The second sample asked participants to say how appropriate or inappropriate different behaviors were in both formal professional meetings and offsite business lunches. Three quarters or more of the respondents said even checking for text messages was rarely or never appropriate. And more than half thought checking the time on the phone, looking to see who’s call was coming in, bringing a phone to the meeting, or even excusing oneself to make a call was inappropriate in a formal meeting. At more informal lunches, those numbers dropped, but more than half still thought it was rude to look at a phone to check text messages or email; a third said the same about stepping away to answer a call.

The study gets more interesting when it compares the views of men and women and people from different regions. (Unsurprisingly, the researchers found that while about two-thirds of people under 30 approved of texting at a business lunch, just 20 percent of those between age 51 and 65 thought it was acceptable behavior.) Meanwhile, roughly half of men said it was okay to answer a call at a business lunch, but only a quarter of women said the same. As for checking text messages, more than 59 percent of men were comfortable with it at informal lunches, while just a third of women were. And interestingly, professionals in the Western region of the United States—home to Silicon Valley, Seattle tech giants and Hollywood’s agents—were less accepting of phones being used during meetings than East Coasters.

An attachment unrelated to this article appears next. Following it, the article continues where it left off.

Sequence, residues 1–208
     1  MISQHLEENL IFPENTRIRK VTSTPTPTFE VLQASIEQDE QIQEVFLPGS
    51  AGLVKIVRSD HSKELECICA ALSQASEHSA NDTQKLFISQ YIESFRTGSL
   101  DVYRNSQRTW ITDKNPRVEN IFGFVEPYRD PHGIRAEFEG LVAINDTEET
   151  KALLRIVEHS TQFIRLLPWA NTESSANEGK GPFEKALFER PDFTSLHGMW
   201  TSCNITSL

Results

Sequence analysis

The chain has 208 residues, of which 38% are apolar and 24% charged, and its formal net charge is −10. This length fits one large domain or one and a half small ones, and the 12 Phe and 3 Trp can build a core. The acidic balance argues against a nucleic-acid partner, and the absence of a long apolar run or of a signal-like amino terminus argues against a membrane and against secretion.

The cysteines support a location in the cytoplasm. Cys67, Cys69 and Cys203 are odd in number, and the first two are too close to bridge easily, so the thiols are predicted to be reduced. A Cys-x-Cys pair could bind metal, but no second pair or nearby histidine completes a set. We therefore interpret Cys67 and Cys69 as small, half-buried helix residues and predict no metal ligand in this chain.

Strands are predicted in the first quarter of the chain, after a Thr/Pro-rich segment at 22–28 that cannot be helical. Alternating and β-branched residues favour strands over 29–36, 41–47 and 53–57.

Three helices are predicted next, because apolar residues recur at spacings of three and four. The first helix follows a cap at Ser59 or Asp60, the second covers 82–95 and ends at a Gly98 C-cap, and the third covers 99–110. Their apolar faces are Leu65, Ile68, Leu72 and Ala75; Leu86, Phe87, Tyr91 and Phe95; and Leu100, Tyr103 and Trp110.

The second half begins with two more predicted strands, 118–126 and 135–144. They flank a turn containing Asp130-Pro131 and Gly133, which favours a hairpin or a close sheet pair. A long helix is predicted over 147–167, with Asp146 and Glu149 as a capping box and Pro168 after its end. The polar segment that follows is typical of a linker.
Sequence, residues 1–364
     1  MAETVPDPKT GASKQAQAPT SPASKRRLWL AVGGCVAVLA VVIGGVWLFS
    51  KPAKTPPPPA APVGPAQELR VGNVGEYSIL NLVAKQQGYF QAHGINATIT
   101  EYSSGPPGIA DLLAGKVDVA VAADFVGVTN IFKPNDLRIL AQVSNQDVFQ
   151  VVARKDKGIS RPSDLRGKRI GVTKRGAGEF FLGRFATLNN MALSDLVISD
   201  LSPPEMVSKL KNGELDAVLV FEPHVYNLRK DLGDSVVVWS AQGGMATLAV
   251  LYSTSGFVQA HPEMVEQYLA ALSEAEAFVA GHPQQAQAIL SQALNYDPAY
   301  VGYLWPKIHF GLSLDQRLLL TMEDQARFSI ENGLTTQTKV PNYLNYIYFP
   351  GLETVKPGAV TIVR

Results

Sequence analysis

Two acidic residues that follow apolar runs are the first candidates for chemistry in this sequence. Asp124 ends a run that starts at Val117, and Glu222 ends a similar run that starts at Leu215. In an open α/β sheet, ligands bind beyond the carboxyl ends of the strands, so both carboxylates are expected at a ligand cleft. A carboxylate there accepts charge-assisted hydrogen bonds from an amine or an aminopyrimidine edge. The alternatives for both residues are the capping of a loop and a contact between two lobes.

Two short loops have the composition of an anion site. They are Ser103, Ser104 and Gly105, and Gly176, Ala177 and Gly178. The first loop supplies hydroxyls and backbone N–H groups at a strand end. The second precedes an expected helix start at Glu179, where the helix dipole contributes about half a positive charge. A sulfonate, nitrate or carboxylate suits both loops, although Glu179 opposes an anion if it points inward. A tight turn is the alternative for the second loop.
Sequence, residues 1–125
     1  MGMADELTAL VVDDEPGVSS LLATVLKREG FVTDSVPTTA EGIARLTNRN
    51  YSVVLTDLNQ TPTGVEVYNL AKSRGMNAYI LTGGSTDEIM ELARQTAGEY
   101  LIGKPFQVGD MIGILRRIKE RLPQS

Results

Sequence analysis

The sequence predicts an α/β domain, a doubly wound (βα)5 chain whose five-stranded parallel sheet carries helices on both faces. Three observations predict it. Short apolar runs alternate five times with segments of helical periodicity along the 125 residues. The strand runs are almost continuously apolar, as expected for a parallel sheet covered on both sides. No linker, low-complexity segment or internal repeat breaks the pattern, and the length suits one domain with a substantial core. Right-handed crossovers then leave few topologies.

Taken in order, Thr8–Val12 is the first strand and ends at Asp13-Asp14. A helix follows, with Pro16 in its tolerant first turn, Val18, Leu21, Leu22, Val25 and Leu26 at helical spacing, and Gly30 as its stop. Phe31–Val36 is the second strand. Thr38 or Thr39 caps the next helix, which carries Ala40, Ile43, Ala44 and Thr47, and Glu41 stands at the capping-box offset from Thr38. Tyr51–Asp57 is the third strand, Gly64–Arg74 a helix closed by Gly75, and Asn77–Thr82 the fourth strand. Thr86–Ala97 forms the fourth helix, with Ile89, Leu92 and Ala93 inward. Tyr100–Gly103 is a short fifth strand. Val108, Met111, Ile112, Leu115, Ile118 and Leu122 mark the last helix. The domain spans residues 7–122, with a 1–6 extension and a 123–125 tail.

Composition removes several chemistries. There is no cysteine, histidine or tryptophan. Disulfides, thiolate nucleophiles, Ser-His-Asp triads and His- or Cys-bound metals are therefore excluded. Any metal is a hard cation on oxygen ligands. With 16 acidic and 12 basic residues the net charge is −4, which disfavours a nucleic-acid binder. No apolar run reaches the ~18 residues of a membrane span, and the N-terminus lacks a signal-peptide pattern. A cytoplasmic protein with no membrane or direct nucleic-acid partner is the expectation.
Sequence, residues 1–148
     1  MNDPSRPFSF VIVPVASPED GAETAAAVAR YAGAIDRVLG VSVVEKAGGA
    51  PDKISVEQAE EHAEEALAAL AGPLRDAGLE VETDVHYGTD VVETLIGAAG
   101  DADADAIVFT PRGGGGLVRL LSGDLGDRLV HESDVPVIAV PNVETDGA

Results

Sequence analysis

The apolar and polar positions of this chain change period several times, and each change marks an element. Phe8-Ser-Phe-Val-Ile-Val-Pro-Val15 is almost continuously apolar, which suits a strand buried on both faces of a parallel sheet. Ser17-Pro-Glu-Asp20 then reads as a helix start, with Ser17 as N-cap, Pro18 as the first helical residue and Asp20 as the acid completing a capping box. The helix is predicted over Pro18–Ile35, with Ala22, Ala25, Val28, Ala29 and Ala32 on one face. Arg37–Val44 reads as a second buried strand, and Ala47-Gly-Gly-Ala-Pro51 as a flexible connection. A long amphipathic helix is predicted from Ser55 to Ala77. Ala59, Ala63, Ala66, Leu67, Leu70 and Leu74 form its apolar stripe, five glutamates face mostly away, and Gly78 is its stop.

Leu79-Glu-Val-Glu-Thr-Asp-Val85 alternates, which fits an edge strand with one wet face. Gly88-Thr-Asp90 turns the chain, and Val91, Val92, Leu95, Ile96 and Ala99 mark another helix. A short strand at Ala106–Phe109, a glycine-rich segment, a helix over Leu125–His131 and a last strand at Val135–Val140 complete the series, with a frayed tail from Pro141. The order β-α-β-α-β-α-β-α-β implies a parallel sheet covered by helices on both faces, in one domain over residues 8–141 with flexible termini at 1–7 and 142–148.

The authors don’t suggest why women or Westerners were more likely to consider cell phones in meetings taboo. But the paper does focus on how cell phones have contributed to an increasingly uncivil workplace. They cited a 2012 study that showed hiring managers now value courtesy even more than other traditional soft skills, like teamwork or professionalism. So leave your cell phone behind in meetings, lunches and interviews. Or at least off the table.

Jena McGregor is a columnist for On Leadership.

Almost every business owner wants more leads for their business. In fact, for many owners the need for a constant inflow of qualified leads often dominates their thinking. There are, however, many challenges to ensuring and maintaining that supply. And, in addition to the needs of today, growth objectives and profit goals will require increased revenue which must come from increased sales—which means more leads. So are there really “sure-fire” methods of lead generation? And, if so, what are they?

Start With Your Plan

Truly successful lead generation must always be an integrated part of your marketing strategy. And this rests on having a comprehensive plan that takes into account the demographics and psychographics of your target market, as well as your positioning—the perception of your business and your product/services held by that target market. In other words, your lead generation efforts must be guided by who it is you are ideally trying to attract to your business and what it is you’re promising them.